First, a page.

Can you think of any reasons not to borrow from your 401(k)?
Having a traditional retirement savings plan in place often triggers the temptation to borrow from it.
After all, it’s your money!
Before making any financial mistakes though, consider that taking a loan against your retirement savings generally has long term consequences.
In theory, borrowing from a 401(k) may make sense.
First, the interest rate you’d have to pay is lower than the one a commercial lender charges.
Second, you’d be repaying the loan, with interest, to yourself.
However, borrowing from a 401(k) ‘for real’ is almost never a good idea.
Reasons not to borrow from your 401(k)
You’re putting saving for retirement on a long hold
Most 401(k) plans don’t allow you to continue making money contributions until your balance is paid off.
Other retirement savings plans may allow you to continue making additional contributions, but that doesn’t make much sense, since you have the 401(k) debt to pay off as well.
In other words, until you pay off the loan you took out from your 401(k) plan, you’re likely to put retirement savings on hold for a while.
Is that really worth it?
You’re leaving money on the table
You might justify taking out a loan with an extremely low interest rate, but say goodbye to compound interest earnings!
When you take money out of your retirement savings, you’re selling part of your investments.
If the stock or bond markets grow, you are literally losing money.
Since you took out a large portion of your contributions, you no longer benefit from the same compound interest benefits!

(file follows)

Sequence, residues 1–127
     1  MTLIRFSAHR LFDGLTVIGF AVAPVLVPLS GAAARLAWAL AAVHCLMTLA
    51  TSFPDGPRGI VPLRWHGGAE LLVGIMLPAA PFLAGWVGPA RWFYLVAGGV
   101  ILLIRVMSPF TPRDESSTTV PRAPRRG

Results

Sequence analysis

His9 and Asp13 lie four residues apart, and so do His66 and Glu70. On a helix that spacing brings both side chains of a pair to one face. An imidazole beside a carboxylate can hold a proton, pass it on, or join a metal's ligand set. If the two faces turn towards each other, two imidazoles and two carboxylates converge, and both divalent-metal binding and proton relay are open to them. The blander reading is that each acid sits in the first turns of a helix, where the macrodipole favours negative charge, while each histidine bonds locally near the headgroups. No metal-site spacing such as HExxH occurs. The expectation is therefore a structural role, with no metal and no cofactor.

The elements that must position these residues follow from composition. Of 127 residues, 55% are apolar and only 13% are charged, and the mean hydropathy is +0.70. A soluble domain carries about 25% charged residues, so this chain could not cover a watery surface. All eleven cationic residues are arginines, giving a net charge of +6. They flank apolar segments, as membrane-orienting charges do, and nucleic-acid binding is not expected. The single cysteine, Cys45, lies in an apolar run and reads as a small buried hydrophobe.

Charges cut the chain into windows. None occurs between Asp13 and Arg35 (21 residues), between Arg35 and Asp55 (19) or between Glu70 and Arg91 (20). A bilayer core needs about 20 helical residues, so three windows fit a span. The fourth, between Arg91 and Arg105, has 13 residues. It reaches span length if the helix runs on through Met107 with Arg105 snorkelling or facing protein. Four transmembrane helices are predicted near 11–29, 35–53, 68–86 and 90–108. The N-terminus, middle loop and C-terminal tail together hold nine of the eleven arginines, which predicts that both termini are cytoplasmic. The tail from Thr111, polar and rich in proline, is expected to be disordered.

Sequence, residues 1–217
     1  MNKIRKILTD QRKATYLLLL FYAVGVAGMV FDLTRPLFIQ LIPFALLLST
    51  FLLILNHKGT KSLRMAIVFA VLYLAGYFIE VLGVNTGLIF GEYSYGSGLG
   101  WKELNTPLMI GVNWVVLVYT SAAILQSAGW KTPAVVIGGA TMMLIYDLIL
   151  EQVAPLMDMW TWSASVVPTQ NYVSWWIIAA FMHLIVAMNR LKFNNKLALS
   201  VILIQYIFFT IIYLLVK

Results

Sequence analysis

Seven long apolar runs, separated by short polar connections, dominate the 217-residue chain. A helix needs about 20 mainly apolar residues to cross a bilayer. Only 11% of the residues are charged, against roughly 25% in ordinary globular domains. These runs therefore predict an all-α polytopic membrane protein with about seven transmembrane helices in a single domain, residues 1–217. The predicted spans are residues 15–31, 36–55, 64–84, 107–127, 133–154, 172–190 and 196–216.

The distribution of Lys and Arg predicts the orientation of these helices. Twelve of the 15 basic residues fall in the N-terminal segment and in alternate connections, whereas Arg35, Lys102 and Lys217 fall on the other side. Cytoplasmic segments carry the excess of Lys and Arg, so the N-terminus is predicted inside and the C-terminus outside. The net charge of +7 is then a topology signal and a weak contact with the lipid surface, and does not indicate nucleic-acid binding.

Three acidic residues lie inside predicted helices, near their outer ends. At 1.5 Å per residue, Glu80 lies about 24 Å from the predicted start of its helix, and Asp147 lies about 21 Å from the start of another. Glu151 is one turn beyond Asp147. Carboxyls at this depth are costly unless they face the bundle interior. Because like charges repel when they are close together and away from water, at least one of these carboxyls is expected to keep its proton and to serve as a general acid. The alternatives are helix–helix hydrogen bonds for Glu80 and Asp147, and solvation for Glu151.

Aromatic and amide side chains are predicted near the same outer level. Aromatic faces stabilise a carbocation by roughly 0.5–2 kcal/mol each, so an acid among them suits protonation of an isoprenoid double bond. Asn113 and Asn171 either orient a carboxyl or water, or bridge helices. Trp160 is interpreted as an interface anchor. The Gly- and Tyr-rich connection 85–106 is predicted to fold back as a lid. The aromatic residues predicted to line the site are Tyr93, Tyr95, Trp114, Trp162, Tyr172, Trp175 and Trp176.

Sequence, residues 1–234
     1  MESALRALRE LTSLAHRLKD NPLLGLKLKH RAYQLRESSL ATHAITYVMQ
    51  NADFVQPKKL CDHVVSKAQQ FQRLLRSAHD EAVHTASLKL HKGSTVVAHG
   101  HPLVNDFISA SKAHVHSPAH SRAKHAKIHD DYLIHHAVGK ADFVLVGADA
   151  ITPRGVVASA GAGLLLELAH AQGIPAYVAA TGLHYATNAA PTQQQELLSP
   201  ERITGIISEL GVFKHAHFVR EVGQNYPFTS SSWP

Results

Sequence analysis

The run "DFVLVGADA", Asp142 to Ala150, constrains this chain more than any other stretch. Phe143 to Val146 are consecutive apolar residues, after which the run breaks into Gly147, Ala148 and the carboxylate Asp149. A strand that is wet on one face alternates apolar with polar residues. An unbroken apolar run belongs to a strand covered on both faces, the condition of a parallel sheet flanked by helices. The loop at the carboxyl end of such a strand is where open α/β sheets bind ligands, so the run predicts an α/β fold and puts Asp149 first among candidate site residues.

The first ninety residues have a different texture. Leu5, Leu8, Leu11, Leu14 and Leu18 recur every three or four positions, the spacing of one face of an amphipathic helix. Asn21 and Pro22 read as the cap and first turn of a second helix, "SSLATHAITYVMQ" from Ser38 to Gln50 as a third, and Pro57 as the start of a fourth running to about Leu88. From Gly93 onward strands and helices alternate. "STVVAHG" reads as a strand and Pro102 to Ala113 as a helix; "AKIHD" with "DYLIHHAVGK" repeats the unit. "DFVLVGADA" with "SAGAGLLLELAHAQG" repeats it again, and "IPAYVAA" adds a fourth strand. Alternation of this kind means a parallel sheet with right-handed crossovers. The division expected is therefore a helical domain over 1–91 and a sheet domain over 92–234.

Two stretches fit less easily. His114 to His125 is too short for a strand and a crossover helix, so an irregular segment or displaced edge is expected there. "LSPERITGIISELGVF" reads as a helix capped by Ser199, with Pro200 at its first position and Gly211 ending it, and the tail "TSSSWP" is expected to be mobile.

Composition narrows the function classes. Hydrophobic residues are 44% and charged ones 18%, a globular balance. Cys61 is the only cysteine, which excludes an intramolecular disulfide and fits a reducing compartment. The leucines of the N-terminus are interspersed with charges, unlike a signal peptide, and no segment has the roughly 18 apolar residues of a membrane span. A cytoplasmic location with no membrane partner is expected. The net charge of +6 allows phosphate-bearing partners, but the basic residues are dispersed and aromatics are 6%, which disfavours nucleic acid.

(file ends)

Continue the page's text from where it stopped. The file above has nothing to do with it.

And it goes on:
Your money will be taxed twice
You may be thrilled to pay a lower interest rate on a 401(k) loan, but your money will actually be taxed twice!
First of all, you’re paying back the loan with after tax money.
Second, the same money will be taxed again, when you’ll retire and start withdrawing from your retirement plan.
Your retirement nest egg will be significantly reduced
Contributing to your 401(k) has its limits.
If you think you can take out a loan, pay it back fast (with interest) and continue with your retirement savings where you left off, you’re probably wrong.
As mentioned before, some 401(k) plans do allow you to make contributions, in addition to the repayment of the loan.
However, maxing out your 401(k) while also paying off your balance is highly unlikely!
As a consequence, you’re shrinking your retirement nest egg significantly by borrowing against it.
You’ll have to hold on to your job for deal life
Generally, you have 5 years to pay the 401(k) loan back.
Quitting your job, however, requires you pay off the loan over the next 2 months!
How is that even possible?
While many are able to either meet the term or even pay the balance off earlier, that’s still a lot of time to be ‘stuck’ with your job!
Whether you want to quit because you ‘hate it there’ or because you found a new, better paying job, you’d still have to fork out the money somehow, if you don’t want to get in trouble with the IRS!
You’ll get in trouble for failing to meet the deadline
5 years seems reasonable enough to pay off a loan you took from yourself, right?
Failing to comply though leads to serious financial consequences!
First off, you’ll likely have to pay a 10% early withdrawal penalty, if you’re under 59 1/2.
Also, the outstanding loan balance will become subject to income taxes.
In addition to being in debt, you’ll have even more taxes and penalty fees to pay!
Taking out a 401(k) loan is still debt
Borrowing against your own personal retirement plan is very similar to borrowing from a commercial lender!
You’re still in debt and, as previously mentioned, not paying the loan off in time comes with consequences.
A 401(k) shouldn’t be considered a source of easy money.
Borrowing against it is allowed, but definitely not recommended.
Have you ever borrowed money from your 401(k)? How did it work out for you?